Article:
Funny thing about fish: Everybody loves a great fillet in a restaurant or mussels in a bistro, but few of us cook fish at home with any confidence, thanks to so many efforts that end with the ugly mess of a halibut steak stuck to the skillet, disintegrating before it even hits the plate.
"Fish is not a pork chop," says chef David Kinch, owner of two-Michelin-star restaurant Manresa, in Silicon Valley. "Rightly or wrongly, it's perceived off the bat as intermediate cooking."
Kinch grew up surfing the Gulf Coast of Texas – "I was an oil brat," he says – and now lives near the beach in Santa Cruz, California, spending his free time longboarding, standup paddleboarding, or sailing with friends. Winner of the 2010 James Beard Award for Best Chef in America, Pacific region, he has become a foodie cult figure for his imaginative, fish-centric cuisine. He also makes regular transpacific trips to Tokyo's Tsukiji fish market, personally scouting out the freshest seafood on Earth. But the real strength of Kinch's approach lies in his mastery of precisely what the rest of us need to learn: the fundamental cooking methods applicable to every maritime meat.
"A few simple techniques make seafood so much more accessible," he says. "Once guys learn them, they won't hesitate to pick up a beautiful piece of fish."
Here, from Kinch and Las Vegas chef Rick Moonen, another seafood expert, is advice on buying fish, keeping it as fresh as possible, and cooking it. Thanks to their insights, you will forever interrogate your fishmonger like a pro, render skin crispy as a potato chip, poach crustaceans to perfection, and debone whole fish effortlessly. And finally, those tricky, delicate meats will become your go-to home-cooking staples. Time to get your sea legs.
An Expert Crispy-Skinned Fillet
One skillet. One burner. One fillet. "That's the simplest approach," says Kinch, "and it takes only a few minutes." But, as with everything worthwhile, the devil is in the details – like how to get the skin perfectly crisp but leave the flesh moist, tender, and flaky. Kinch showed us, and he threw in a classic accompaniment – a Catalan-style spinach, whose preparation can act as a template for any improvised vegetable side. Kinch recommends skin-on fillets because of the textural contrast crunchy skin provides, and because "the skin is one more barrier between the flesh and the heat, so you don't overcook the fish, and you hold on to more moisture." But the basic technique also applies to skinless fillets. Simply designate one side for presentation and start the process with it facing down. As for exact species, it could be sole, halibut, bass, cod – "just about anything firm, white-fleshed, and low in fat content," Kinch says.
- 2 6-oz fillets of black cod, skin on
- canola oil
For the Catalan spinach:
- 2 tbsp golden raisins
- 6 tbsp brandy
- 2 bunches whole-leaf spinach
- 2 tbsp pine nuts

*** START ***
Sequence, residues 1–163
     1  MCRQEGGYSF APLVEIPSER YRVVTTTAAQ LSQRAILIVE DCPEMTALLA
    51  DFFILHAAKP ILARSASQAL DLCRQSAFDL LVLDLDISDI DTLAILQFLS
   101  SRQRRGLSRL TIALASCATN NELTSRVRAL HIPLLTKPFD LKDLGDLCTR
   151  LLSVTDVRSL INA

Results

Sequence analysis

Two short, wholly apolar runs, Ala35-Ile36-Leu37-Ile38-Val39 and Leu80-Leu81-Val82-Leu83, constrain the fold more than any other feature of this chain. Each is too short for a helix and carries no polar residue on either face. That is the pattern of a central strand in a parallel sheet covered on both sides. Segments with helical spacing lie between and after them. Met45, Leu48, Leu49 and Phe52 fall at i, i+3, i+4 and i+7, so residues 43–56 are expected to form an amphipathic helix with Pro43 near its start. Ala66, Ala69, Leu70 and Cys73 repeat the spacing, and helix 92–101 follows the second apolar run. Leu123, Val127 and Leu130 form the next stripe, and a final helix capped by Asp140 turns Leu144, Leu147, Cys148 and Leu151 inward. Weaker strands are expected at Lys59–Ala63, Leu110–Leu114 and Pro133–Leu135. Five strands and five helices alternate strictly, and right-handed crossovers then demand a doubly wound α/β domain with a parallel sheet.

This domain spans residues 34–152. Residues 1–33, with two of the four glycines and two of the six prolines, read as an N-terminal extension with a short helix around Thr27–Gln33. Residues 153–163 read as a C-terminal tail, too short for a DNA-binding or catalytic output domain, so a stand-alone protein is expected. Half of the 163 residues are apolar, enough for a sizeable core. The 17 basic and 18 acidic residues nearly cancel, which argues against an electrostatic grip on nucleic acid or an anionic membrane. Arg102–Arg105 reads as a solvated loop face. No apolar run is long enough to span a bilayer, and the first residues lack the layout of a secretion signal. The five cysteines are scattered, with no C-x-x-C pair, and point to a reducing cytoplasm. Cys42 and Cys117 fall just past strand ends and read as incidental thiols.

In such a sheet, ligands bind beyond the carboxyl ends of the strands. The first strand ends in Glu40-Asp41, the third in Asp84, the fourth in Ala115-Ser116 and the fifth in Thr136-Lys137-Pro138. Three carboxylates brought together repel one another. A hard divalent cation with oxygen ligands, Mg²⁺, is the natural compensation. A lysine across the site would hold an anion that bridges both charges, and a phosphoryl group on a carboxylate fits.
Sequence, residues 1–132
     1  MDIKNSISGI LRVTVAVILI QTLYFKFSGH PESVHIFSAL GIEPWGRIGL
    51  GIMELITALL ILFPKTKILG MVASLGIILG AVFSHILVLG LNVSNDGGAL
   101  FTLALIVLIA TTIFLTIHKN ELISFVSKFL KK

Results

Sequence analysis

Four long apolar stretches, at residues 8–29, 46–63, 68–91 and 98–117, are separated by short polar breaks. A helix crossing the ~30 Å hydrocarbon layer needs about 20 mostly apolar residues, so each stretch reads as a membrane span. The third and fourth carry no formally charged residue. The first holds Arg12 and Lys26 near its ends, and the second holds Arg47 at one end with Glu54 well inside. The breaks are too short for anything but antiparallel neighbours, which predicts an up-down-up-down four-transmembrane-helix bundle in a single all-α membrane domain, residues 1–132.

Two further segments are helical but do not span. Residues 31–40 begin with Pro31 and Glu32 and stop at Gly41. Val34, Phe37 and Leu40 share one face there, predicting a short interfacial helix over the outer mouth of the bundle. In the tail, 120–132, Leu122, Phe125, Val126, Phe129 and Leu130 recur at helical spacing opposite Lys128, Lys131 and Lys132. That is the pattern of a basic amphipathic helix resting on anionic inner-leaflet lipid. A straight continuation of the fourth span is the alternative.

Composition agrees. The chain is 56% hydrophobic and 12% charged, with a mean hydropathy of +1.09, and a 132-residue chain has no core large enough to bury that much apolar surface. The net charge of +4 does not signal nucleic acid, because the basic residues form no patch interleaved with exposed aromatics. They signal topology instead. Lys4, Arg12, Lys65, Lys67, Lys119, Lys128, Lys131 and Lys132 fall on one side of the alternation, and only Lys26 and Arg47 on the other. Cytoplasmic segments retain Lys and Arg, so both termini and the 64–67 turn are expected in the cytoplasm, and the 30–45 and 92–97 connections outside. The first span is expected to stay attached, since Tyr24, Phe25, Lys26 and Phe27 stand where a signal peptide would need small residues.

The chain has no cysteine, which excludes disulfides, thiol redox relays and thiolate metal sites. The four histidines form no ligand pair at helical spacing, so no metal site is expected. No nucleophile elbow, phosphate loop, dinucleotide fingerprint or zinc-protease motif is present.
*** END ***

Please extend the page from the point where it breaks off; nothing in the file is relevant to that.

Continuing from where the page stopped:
- 2 oz prosciutto
- lemon zest
Step One: Get the Fish Dry
Before you start, blot the fish all over with paper towels. This removes excess water that could leak into the pan and make the fish steam instead of sear. Also, do not salt the fish before cooking: Salt draws out moisture – those droplets will drip down the sides and create steam, too.
Step Two: Brown the Skin
Place a pan over medium heat. After about a minute, add a thin film of oil. Then place fish in the pan, skin side down. "Hear that nice sizzling sound?" Kinch asks. "But no spitting or popping." (That means your pan is too hot.) Fish skin contracts in response to heat, causing the fillet to curl. To prevent this, press gently on the fillet with a spatula or – Kinch's preferred method – set some kind of weight, like a brick, plate, or plancha press (see below), on top for 45 seconds. Don't move the fish: It will almost always stick to the pan at first; if you try to release it with a spatula, you'll shred it. But once all the water cooks out of the skin, it'll release itself from the pan.
Step Three: Look Closely
Raw fish is translucent; cooked fish is opaque. To gauge the doneness of any fillet, look carefully at its sides. That line of opaqueness will be moving steadily upward from the pan toward the top of the fish. Once that line hits two-thirds of the way up, salt the top side of the fish and flip it over.
Step Four: Give it a Poke
A thin metal rod – Kinch prefers a cake tester, but you can use any meat thermometer or metal BBQ skewer – allows you to gauge doneness in two ways. First, insert the rod into the thickest part of the fillet. If the tip meets resistance, the fish isn't cooked. Second, leave the rod in the fish for five seconds, and then pull it out and touch it to your upper lip. If the metal feels at all warm, the fish is cooked.
Step Five: Prep the Catalan Spinach
Place raisins in a small saucepan with the brandy. Bring to a simmer and remove from heat. Strip stems from spinach. Place leaves in a skillet over medium heat, and turn gently until they wilt. Remove to a colander to drain.
Step Six: Finish the Dish
Credit: Robin Macdougall / Getty Images
Remove fish to a plate lined with a paper towel. Add the raisins and pine nuts to the fish pan; add the prosciutto, spinach, and lemon zest. Toss everything and heat through. Place fish back in the pan just long enough to warm. Serve.